Mortality Lower for DOAC vs Vitamin K Antagonists in Broad VTE Registry Population

May 06, 2020

Patients in various clinical settings who were put on a direct oral anticoagulant (DOAC) for treatment of venous thromboembolism (VTE) were more likely to be alive at 1 year than those treated with a vitamin K antagonist (VKA) in a large registry study.

In the analysis, based on almost 8000 such patients in the international GARFIELD-VTE registry, adjusted all-cause mortality was 27% lower for those on a DOAC, usually rivaroxaban (Xarelto, Bayer), while their risks of major bleeding, myocardial infarction (MI), and stroke were similar to those treated with a VKA, which most often was warfarin.

The findings appeared in a report published April 28 in Thrombosis Research, with lead author Henri Bounameaux, MD, University of Geneva.

The patients were treated at more than 400 sites in 28 countries, "allowing for an analysis of real-world practices and clinical outcomes worldwide. Therefore, our conclusion that DOACs were associated with reduced all-cause mortality compared with VKA is likely to be strong," Bounameaux told | Medscape Cardiology.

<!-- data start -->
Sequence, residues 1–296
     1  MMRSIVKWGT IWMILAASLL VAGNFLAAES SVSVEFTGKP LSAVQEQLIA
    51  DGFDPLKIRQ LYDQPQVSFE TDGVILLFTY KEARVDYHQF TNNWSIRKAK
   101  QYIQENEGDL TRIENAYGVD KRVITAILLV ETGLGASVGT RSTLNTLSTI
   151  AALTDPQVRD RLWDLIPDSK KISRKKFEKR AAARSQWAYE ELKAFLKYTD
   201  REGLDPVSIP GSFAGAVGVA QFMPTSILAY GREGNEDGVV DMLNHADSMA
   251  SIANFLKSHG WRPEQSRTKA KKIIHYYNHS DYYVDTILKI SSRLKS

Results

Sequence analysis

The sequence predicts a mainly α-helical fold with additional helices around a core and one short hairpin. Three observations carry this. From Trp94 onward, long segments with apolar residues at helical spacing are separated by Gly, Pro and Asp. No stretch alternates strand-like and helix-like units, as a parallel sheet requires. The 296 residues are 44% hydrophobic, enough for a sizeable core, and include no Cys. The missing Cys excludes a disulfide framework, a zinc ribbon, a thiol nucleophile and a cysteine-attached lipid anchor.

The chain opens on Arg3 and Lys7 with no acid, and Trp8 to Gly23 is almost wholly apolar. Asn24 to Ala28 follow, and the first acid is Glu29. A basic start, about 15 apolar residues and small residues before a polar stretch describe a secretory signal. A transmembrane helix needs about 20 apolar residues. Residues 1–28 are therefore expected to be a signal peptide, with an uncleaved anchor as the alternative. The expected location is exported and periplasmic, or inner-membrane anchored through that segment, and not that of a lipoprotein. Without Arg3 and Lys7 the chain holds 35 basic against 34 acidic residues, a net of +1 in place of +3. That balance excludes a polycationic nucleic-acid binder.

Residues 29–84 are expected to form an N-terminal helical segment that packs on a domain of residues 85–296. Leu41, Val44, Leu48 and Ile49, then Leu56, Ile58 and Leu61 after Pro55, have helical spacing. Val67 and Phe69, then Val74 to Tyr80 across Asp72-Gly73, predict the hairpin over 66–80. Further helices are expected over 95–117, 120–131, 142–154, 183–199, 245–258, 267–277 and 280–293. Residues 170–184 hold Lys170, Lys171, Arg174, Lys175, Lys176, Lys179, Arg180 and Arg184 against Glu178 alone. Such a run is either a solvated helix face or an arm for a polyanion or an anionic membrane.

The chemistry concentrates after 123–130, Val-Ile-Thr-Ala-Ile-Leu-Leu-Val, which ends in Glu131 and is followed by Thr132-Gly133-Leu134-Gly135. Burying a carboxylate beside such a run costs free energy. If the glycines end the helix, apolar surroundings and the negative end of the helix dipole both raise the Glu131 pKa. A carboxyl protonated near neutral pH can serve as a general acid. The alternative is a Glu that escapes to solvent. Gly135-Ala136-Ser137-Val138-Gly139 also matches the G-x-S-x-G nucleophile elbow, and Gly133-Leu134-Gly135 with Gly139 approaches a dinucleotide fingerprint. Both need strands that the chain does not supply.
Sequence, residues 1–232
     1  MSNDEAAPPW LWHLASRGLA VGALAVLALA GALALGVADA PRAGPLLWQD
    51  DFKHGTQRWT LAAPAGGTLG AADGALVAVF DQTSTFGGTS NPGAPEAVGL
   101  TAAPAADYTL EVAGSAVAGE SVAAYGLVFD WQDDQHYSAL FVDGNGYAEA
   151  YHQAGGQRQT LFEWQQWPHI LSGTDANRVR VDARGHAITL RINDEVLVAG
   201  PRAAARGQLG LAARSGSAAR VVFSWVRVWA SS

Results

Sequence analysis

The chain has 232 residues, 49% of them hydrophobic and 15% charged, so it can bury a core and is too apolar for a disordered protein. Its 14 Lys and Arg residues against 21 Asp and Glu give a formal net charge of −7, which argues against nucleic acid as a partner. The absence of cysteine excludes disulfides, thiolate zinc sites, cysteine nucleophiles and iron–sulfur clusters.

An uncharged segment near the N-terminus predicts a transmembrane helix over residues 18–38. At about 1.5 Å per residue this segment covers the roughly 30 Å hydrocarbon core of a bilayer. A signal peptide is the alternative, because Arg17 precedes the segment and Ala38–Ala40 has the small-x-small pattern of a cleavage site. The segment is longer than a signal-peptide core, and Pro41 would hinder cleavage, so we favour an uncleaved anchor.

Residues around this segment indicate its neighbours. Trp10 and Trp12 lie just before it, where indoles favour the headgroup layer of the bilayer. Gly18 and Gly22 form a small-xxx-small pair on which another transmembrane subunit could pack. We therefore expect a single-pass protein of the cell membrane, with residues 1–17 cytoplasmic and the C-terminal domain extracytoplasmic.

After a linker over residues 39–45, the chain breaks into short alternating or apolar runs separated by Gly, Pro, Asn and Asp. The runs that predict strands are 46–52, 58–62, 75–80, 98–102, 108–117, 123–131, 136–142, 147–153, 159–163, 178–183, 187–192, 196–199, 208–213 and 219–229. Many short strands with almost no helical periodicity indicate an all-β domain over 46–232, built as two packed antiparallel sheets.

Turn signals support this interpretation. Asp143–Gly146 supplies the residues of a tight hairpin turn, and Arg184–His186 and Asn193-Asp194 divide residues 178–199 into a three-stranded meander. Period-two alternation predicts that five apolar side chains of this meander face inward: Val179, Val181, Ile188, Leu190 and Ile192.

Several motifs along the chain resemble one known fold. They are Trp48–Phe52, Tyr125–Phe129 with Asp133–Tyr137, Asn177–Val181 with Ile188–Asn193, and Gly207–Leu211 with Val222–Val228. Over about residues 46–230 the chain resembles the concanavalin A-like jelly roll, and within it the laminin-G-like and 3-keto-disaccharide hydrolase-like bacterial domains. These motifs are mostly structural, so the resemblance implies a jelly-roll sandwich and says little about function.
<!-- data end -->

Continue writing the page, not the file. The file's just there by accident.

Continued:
Patients already faring well on warfarin "should probably stay on warfarin," he said. But the current findings "add to the growing body of evidence supporting the use of DOACs over VKA for treatment of venous thromboembolism."

Indeed, the steep mortality reduction "with no increase in bleeding risk in this large unselected population is a strong argument in favor of DOACs," Bounameaux said.

"This is more of a confirmation of what we should be doing," Gregory Piazza, MD, Brigham and Women's Hospital and Harvard Medical School, Boston, not associated with the study, told | Medscape Cardiology.

Based on the major trials and even the guidelines, he said, it would be hard to justify using warfarin in the average patient with VTE when the DOACs are easier to take and have already been shown to reduce the risk of bleeding, including intracranial hemorrhage.

All Comers